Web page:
The previous commenters I think have this right - the problem is that the utility of money isn't linear. Let's say we could map money to happiness units (I will call them smileys). What would that curve look like? Let me throw out some data points:

We need a range of smileys. I'll say that 0 = borderline suicidal, and 100 = as happy as you could be. Note that this may be asymptotic - you may never be so miserable due to money that you would be suicide, and so happy due to money that you would have reached your maximum happiness.

10 smileys (very unhappy) = 0 $ (flat broke)
30 smileys (unhappy) = $20K (around poverty line)
50 smileys (neutral) = $40K (can pay bills, no luxury)
70 smileys (happy) = $100K (can afford most of what you want)
90 smileys (very happy) = >$2M (can afford almost all of what you want)

Of course, all of this is arbitrary, but it looks like smileys increase roughly as log (money). I'd posit that inflection point where doubling your money actually doubles your smileys is at quite a low number.

Oh, and you and Danielle are gigantic nerds.

Wacky said...

Dave said...

I prefer "smileys".

jesse8888 said...

So further reflection on this has lead me to believe that your current absolute net worth has the biggest impact on how changes in it affect your utility. Basically you have to know where you are on your personal curve to decide how to proceed.

And yes we are gigantic dorks. I'd argue that you'd be hard pressed to find a more attractive couple that is also smarter. To qoute Pete, I'm dating up several levels.

jesse8888 said...

But if given the option to bet 90% of my net worth at even money on a 9:1 favorite I'd fist pump ship it in.

Dave said...

Maybe you'd do that now. Would you do it if your net worth were $2M? $10M? What's your limit?

Also, I said you were gigantic nerds, not dorks. Big difference.

If Danielle were really that smart, wouldn't she be dating someone else?

The blindman said...

It's easier in some ways if your net worth is more. If you bet 90% of $100M, then if you lose you are still filthy rich. Isn't this how hedge funds work?

Yodaman said...

I wonder how much flipping the bet changes how much we should be betting. Say it was getting 9:1 on a coin flip?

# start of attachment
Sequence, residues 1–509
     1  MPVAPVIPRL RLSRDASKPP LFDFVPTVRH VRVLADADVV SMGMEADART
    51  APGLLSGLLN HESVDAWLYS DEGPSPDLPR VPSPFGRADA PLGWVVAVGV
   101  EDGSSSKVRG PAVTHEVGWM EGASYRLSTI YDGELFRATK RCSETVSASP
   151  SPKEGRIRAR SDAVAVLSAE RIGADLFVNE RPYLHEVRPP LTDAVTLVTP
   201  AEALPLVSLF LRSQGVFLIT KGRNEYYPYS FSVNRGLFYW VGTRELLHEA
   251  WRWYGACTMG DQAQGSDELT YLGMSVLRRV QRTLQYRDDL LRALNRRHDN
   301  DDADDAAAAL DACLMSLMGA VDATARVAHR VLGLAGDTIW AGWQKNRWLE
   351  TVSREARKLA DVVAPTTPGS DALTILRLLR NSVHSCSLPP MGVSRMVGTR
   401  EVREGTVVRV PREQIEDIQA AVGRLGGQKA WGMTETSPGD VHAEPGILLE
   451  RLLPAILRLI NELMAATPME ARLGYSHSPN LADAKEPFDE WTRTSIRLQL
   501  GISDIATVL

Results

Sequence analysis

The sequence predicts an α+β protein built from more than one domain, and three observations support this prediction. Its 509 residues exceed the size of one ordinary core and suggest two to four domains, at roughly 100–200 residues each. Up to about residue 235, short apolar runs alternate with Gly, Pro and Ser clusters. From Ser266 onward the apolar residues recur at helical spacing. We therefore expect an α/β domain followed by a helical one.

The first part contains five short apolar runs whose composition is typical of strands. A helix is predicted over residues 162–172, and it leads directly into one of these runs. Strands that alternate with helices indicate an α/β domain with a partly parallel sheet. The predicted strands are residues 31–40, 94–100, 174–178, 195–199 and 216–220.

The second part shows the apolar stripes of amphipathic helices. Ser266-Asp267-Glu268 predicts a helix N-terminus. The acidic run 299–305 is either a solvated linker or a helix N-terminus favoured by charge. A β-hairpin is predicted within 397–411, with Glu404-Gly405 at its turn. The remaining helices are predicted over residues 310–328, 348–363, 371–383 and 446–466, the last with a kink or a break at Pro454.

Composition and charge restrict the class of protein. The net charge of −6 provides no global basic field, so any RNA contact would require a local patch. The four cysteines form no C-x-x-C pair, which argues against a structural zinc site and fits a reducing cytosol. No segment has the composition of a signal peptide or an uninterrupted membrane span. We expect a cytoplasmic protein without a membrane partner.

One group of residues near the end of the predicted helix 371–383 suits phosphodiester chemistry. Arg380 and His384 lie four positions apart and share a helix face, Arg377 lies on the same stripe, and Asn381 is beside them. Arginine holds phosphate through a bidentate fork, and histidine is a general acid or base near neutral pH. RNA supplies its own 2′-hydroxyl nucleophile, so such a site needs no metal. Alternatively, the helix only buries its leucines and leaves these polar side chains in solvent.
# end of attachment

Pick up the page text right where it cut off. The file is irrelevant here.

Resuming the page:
Also, I like blindman's point about the 100M networth.

jesse8888 said...

I think Kelley would feel the same way about getting 9:1 on a coin flip as getting even money on a 9:1 favorite, but I could be mistaken. I'd certainly feel different about the situation, and it definitely would affect my answer because the expected value of my utility (or smileys....) changes drastically.

I'm pretty sure nobody with a $100M net worth would bet $90M on either case, but I'd think they'd be even more hesitant to take the 9:1 odds on the coin flip.

Wacky said...

I think you happen to be thinking about this the wrong way. A person with little net worth should be willing to bet all of his money, because the increase in utility is much greater for him. As your current utility increases, the marginal increase in utility decreases exponentially. From a pure EV perspective, the correct answer is to kelly bet, but from a utility point of view, there's come a point at which if you have enough money, there is no point in making the bet at all.

The blindman said...

Different people have often dramatically different utility functions. It obviously depends a lot on your income and how secure your job is, as well as your dependents and your financial obligations.

I would not wager my house at 9:1 on a coinflip, because the downside would be devastating. I probably wouldn't wager it at 19:1. I might think about it at 99:1 if I was certain the coin was legit.

I suspect that most utility functions look like a logarithm close to the origin, but flatten into something more or less linear at high values. I imagine that a billion dollars to someone like Warren Buffet is a billion dollars, whether it's his third billion or his 30th.

Steve said...

"from a utility point of view, there's come a point at which if you have enough money, there is no point in making the bet at all."

This is the dumbest thing I've ever heard. I'm amazed that you stated the correct facts and came up with the exact opposite of the correct conclusion.

Wacky said...

Maybe I didn't articulate my point clearly enough. If you plot "a" normal utility curve is reaches a point at which it becomes very flat. In other words the first derivative becomes 0. So from the perspective of increasing or decreasing your utility, even if you kelly bet, win or lose, you are at essentially the same point on the utility curve. So what's the point in betting in the first place? Where's the utility gain?

I guess another way of looking at this, is to ask yourself, should I lose this bet, what remaining utility am I willing to retain? This is more on the lines of bayesian risk analysis, where define a cost function for each of the outcomes.

I think it's an interesting question, which mixes a variety of interesting topics ranging from optimization theory, economic theory, and psychology.

And if you still think this is the "dumbest" thing you have ever said, I can live with that. I've been called worse.

The blindman said...

It's quite wrong to assume that marginal utility approaches zero in the limit. While marginal utility is generally assumed to decrease as money increases, it's perfectly reasonable for it to approach a nonzero finite (positive) limit.

Maybe talking about limits is a bit pointless when it comes to money though, since it is necessarily a finite quantity.

RFC said...

grammar nittery: inherent